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The State of Israel is a democracy, and its government represents the people and is responsible to them in periodic elections. There are a number of forms of democratic government, such as the American, or presidential system, and the European, or parliamentary system. The government of Israel is parliamentary.

Legislature. The Knesset, or Parliament of Israel, is the unicameral legislative branch of the government. The 120 representatives to the Knesset are elected to serve four-year terms in free, secret elections. If the government fails to hold the confidence of the Knesset (See Executive), an election may be held before the four-year term is over. All citizens, men and women, Christians, Muslims, and Jews, 18 years of age or older, have the right to vote. Both the Cabinet and the Knesset members may introduce new bills. A bill becomes a law after it has passed three readings and been published in the official Reshumot, similar to the American Congressional Record.

Proportional Representation. Israel has many political parties, and Knesset members are elected according to proportional representation. This means that each party presents to the country its own list of candidates, and the voters cast their ballots not for an individual candidate but for the whole party list. The number of members each party elects to the Knesset is proportional to the percentage of the popular vote it receives. As of 2007, no party in Israel has ever received an absolute majority. As a result, several parties combine to form a working majority in the Knesset. This coalition works out a program for which it assumes collective responsibility. Severe disagreements among the members of the coalition bring about resignations, and the coalition loses its legislative majority. The Knesset must then be dissolved and new elections called.

Executive. The Cabinet is the executive branch of the government, and its task is to carry out and administer the laws enacted by the Knesset. Under the Israeli system, the Cabinet is directly responsible to the Knesset. It has no veto power and can continue in office as long as it retains the confidence of the Knesset. If defeated in a vote of confidence the Cabinet must resign, and a new one must be formed. If the Knesset cannot form a new Cabinet which has its confidence, it must turn to the people and call for new elections.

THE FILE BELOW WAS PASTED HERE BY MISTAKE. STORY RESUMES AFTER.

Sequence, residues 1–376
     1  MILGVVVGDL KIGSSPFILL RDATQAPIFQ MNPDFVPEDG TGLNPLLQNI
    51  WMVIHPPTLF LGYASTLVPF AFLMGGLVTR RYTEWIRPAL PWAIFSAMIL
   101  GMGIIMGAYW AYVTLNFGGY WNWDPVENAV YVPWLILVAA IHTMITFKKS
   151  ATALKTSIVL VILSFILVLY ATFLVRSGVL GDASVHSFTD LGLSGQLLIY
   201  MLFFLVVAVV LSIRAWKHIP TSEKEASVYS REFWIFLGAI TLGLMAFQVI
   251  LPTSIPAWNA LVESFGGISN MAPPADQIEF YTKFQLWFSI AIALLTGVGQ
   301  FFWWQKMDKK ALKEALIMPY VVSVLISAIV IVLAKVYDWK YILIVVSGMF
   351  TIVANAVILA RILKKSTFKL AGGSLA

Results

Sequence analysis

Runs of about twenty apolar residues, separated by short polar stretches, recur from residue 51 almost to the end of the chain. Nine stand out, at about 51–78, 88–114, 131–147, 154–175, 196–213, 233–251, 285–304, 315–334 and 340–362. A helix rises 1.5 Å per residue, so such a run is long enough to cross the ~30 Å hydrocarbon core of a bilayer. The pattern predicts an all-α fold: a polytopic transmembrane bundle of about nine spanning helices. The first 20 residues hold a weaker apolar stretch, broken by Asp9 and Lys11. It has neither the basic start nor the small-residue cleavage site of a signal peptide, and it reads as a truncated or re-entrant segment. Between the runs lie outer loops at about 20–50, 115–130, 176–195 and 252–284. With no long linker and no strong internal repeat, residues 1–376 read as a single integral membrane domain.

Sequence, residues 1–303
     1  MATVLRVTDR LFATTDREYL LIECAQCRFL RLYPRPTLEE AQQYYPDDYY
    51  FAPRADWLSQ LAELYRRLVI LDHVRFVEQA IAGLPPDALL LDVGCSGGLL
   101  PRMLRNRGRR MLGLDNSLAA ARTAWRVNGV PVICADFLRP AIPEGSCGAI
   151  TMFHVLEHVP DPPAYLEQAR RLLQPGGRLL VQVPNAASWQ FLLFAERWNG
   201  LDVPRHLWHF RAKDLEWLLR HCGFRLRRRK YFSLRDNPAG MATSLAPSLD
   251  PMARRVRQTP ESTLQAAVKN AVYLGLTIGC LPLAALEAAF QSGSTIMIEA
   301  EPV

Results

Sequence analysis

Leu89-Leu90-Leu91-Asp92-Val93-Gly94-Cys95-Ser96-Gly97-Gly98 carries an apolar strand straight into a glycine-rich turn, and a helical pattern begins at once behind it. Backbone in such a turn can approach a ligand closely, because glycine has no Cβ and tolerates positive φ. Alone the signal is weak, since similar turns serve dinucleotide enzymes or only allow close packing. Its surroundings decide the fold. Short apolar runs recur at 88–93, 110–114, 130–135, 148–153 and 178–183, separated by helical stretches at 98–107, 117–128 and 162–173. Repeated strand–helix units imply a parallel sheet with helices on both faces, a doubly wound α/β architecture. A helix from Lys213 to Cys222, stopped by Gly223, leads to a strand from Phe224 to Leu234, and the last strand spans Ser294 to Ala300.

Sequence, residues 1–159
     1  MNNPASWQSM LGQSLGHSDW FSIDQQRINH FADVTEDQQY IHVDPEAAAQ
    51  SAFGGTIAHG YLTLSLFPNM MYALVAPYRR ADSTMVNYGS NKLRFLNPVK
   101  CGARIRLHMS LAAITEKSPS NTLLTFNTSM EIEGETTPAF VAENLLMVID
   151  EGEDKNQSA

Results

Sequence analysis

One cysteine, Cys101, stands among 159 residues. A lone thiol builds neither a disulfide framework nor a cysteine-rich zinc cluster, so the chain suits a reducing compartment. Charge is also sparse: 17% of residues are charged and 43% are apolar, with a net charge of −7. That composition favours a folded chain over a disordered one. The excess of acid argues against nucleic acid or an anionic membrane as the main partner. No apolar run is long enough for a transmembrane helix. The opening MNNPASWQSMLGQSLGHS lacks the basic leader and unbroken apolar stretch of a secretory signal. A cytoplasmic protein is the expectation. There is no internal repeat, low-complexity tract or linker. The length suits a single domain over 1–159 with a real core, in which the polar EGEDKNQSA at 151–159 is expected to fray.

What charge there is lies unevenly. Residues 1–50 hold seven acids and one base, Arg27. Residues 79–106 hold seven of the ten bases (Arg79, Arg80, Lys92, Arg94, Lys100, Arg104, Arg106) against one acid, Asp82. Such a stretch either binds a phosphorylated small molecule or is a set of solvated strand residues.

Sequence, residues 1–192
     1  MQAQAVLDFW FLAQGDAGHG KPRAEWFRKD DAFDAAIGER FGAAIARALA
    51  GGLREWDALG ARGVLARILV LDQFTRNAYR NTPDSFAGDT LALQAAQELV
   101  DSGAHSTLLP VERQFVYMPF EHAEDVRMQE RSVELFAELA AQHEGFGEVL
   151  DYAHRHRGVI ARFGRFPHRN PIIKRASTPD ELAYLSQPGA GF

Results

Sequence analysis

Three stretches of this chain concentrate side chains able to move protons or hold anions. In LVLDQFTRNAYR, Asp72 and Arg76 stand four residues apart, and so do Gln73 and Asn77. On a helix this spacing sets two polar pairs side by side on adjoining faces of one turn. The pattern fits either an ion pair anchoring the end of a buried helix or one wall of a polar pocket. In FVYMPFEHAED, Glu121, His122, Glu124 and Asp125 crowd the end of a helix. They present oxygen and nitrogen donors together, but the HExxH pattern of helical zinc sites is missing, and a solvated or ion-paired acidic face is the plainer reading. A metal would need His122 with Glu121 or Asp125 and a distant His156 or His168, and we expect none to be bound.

Prime Minister’s Office. The cabinet is headed by the prime minister who is the chief executive. His office coordinates the work of all the ministries and administers the civil service. The smooth and efficient working of the whole machinery of government is the responsibility of the prime minister.

Presidency. The President of Israel, unlike the American President, has little actual power. Serving as a symbol of the people’s unity, he is not chosen in the competitive general elections, but is elected in a secret ballot by an absolute majority of the Knesset. The president’s term of office is five years, but there is no limit on the number of times he may be reelected. The duties of the president are largely honorary. These include the task of summoning a member of the Knesset, usually the leader of the majority party, to form a new government. Upon the recommendation of competent bodies, he appoints judges, diplomatic representatives, the governor of the Bank of Israel, and the comptroller. It is also in his power to grant amnesty to prisoners and to commute their sentences. Major documents, such as treaties with foreign states, are signed by the President together with the prime minister or another competent minister.